UB: Of course, we are in front of transformational changes, climate change, the digital economy and the chances and dangers in that. It’s also worldwide migration, an element of the modern world. We have big – big challenges and we see that people are threatened with losing control of their lives.
We, the progressives, say yes, let’s regain control of our lives for the development of a good society. But this cannot be done in a backward nationalistic way. It can only be done in a progressive European way.
What we would like to deliver is a map of how do build this Europe in a sustainable way to the benefit and well-being of all, to make sure that nobody is left behind. From there we come to discuss the sustainability goals of the UN’s 2030 agenda. We say let’s stop talking about the economy if not talking about the environment and let’s also stop talking about greening the economy without talking about the social dimension. The new future has to be for everybody, not for the happy few. Let’s unite behind a concept of sustainable radical change towards a better Europe that can also be a shining light for the whole globe…for how to develop economic trade, economic relations, and to be partners to other continents.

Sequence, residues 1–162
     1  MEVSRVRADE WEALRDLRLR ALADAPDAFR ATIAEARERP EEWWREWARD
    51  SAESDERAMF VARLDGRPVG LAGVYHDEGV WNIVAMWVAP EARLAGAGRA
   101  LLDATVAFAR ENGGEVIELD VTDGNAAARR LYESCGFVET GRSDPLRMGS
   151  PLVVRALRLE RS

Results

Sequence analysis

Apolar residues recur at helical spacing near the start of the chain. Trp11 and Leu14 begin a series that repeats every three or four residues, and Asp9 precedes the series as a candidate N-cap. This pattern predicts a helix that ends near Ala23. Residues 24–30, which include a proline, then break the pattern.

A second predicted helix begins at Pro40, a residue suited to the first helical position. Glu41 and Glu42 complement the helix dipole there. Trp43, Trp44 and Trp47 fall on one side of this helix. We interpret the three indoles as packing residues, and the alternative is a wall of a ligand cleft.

NE: Who could also join the Social Democrats?
UB: First of all, we have done a whole lot of work in this independent Commission under the leadership of Louka Katseli and Poul Nyrup Rasmussen, where we reached out with our new tool progressive society – to trade unions, experts, researchers, to the academic, civic movements – to get their expertise, commitment and support – but also to get their criticism. This is an open dialogue within a progressive society, and we permanently try to improve and invite everybody who is pro-European. We don’t shy away from an open discussion with people and also with groups to share our beliefs.
NE: What do you expect the S&D’s future in the European Parliament and all other EU Institutions to be? Will the elections in six months affect the group’s size?
UB: The elections, first of all, are a good opportunity to communicate with people about our political goals and if what we propose for the forthcoming European Commission has the ability to inspire people and to reconnect them to Europe and to make them identify with our European goals. It is our Europe that has to be defended but has also to be changed in the best interests of everybody. So for this forthcoming election, first and foremost is a chance for communication and gaining support from citizens.